Stephen Shore’s Modern Instances - this is not a book review

March has been a write off. Both G and I finally caught Covid despite all our care. Fortunately we have had nothing more serious than moderate flue symptoms but unlike flue the recovery from Covid has been very slow. Apart from walking the dogs each day we have spent long periods resting and reading. The enforced rest has given me the time to read some of the books too long unopened on my shelf. One of those is Stephen Shore’s Modern Instances: The Craft of Photography. A Memoir. Shore has been credited as one of the photographers who established colour photography as an art form (1) and has been acknowledged as a major influence on the work of Nan Goldin, Andreas Gursky, Martin Parr, Joel Sternfeld and Thomas Struth (2). To describe Shore’s work as unfathomable would be an understatement. His images can be both deadpan and contemplative, often of banal scenes and objects. His American Surfaces series, for example, was a travel diary made between 1972 and 1973 with photographs of “friends he met, meals he ate, toilets he sat on”. The series was first exhibited at the Light Gallery, New York in 1972. Shot on 35mm film and printed in glossy colour using a high-street Kodak lab, the prints were hung directly onto the gallery wall and fixed with backing tape in a large grid (3). At the time the image content and gallery context were considered too radical with the inevitable bad reception from photography critics. Today, the exhibition is widely acknowledged as representing a key moment in the history of photography. And I now know where Wolfgang Tillmans got the hanging idea.

Stephen Shore has been making images for a very long time, he had his first 35mm camera at the age of 9. I think he must be 75 this year and he’s been working seriously with a camera since the 60’s, so even if his photographs don’t touch you, even if you find them indifferent or banal; with that amount of experience he is going to have some things to say about the craft of photography that are going to be interesting and perhaps even useful. 

Modern Instances is a book that is as much to do with fishing as it has photography.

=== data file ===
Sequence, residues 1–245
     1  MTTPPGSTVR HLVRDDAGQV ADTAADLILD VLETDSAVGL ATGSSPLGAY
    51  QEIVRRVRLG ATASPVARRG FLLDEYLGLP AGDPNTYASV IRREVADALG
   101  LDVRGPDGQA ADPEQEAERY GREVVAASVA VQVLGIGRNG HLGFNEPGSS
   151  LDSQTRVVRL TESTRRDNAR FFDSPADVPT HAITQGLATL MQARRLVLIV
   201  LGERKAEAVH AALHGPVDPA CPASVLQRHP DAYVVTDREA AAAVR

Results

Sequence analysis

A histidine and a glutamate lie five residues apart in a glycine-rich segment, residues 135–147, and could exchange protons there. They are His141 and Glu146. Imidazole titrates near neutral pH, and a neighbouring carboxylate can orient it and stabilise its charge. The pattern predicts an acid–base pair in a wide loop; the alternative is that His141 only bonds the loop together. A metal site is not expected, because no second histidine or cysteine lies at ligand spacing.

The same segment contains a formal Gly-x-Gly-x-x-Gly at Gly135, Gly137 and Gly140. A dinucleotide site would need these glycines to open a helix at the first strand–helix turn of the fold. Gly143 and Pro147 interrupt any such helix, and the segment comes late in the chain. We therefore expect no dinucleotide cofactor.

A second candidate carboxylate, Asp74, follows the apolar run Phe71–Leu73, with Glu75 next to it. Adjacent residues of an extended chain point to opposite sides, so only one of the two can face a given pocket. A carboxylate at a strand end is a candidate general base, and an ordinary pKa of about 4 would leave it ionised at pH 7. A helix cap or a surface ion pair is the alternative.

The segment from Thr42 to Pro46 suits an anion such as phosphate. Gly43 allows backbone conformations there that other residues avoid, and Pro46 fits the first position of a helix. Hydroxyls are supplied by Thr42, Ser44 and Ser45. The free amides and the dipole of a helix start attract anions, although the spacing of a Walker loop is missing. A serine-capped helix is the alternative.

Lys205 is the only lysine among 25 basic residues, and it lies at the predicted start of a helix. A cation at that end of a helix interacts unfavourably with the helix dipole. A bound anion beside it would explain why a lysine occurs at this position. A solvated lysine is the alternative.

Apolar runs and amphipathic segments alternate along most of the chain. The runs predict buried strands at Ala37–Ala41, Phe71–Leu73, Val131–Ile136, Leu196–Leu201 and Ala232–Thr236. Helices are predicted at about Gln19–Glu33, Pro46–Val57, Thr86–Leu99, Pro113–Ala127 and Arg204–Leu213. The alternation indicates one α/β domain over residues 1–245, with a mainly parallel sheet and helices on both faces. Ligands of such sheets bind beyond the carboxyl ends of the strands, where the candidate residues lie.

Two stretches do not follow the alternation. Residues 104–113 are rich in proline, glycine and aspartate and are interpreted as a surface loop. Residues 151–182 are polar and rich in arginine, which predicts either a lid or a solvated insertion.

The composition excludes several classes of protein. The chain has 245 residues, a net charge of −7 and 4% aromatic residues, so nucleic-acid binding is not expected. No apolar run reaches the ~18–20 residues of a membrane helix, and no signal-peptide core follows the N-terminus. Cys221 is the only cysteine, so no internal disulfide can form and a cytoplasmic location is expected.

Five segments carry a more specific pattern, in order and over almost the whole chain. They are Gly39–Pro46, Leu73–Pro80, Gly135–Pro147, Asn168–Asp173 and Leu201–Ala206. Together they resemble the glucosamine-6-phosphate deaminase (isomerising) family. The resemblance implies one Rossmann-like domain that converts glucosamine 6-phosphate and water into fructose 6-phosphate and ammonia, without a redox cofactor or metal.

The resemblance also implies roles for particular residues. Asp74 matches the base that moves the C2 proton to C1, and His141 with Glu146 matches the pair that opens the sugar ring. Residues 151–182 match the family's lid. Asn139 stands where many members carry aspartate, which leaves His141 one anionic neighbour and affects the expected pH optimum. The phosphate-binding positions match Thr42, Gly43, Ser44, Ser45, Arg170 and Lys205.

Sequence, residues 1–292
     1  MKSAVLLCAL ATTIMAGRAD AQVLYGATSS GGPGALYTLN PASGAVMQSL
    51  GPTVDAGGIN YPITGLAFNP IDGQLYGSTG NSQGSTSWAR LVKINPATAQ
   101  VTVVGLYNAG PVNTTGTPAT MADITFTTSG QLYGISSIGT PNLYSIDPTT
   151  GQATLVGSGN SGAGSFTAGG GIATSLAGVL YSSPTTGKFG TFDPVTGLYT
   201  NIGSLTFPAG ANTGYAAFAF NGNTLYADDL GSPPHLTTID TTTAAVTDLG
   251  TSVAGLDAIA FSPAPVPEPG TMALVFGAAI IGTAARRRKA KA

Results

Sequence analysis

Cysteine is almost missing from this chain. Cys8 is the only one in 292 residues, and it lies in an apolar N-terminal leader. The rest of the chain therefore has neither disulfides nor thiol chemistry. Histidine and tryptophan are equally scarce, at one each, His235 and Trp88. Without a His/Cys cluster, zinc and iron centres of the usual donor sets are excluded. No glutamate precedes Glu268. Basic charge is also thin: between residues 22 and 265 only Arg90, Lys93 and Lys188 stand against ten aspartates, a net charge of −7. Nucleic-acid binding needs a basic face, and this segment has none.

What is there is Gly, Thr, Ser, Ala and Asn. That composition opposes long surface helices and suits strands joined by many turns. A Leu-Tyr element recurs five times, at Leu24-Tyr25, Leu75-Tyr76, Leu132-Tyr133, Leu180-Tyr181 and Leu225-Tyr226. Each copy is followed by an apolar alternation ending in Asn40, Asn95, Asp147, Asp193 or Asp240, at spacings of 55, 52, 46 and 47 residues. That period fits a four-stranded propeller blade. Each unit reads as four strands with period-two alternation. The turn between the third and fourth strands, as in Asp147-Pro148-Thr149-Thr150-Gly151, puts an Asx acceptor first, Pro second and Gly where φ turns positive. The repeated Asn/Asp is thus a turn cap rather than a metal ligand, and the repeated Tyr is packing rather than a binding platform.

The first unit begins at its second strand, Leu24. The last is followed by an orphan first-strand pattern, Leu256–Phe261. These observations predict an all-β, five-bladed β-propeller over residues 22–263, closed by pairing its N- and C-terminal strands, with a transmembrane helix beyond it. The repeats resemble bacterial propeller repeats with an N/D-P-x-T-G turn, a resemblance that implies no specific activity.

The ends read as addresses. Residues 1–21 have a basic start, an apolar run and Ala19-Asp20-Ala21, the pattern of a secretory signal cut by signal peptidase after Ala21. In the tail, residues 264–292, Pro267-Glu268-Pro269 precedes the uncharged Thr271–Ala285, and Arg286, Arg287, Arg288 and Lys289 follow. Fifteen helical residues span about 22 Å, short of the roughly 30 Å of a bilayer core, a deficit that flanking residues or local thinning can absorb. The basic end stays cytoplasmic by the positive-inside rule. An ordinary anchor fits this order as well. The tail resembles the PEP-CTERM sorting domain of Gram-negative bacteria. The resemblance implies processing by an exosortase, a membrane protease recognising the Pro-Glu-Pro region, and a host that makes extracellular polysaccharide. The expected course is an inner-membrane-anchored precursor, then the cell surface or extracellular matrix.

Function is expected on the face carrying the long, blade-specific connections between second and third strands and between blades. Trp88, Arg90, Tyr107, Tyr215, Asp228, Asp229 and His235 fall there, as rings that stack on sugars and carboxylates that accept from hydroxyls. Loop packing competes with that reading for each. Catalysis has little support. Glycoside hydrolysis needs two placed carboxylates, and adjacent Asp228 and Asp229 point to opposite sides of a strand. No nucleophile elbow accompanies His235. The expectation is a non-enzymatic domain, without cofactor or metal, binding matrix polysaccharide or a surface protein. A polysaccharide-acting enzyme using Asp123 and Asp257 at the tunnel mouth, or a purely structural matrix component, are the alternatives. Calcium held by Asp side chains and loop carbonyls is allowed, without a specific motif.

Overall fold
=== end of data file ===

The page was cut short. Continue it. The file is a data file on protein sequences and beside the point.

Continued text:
It is in many ways a memoir as the title suggests, but not in a way that you might expect. It is very much a cerebral scrapbook filled with interactions with people as well as places, things, and a few well placed Shakespearian sonnets. 

By his own admission he seems to have had an innate ability to be in the right place at the right time and as a consequence has met and befriended an astonishing array of well know artists and photographers, including a 3 year stint working with Andy Worhol at the Factory.

It is an insightful read because he talks openly about what was going on in his head, what and who influenced him and what what was driving him.  At the beginning I said that this wasn’t a book review but reading through this is seems to be shaping up into one. So I’ll stop and just say that Modern Instances is essential reading for anyone doing anything visual who struggles with the point or purpose of their practice. It is full of intelligent insights and it is also full of great quotes. I’ll leave you with two of my favourites:

“…. I stood on a street corner in Savannah, Georgia, setting up my camera. I remember recognising that making the picture seemed neither intentional nor intuitive, but more habitual. I realised then that the pictures I had been taking on this short trip were all made almost by rote. I realised that I wasn’t on my edge making work. There wasn’t a sense of “flow”. I saw that for a while the visual questions that kept “arising” for most of the ’70s had stopped. I was making “Stephen Shores”, I was, in a sense, imitating myself. Szarkowski and I once discussed what distinguishes a photograph from an illustration. He said, “an illustration is a picture whose problems were solved before the picture was made”.

“Zen pretty much comes down to three things - everything changes; everything is connected; pay attention.” Credited to Jane Hirshfield.

Stephen Shore’s Modern Instances. The Craft of Photography. A Memoir is available from MACK Books at




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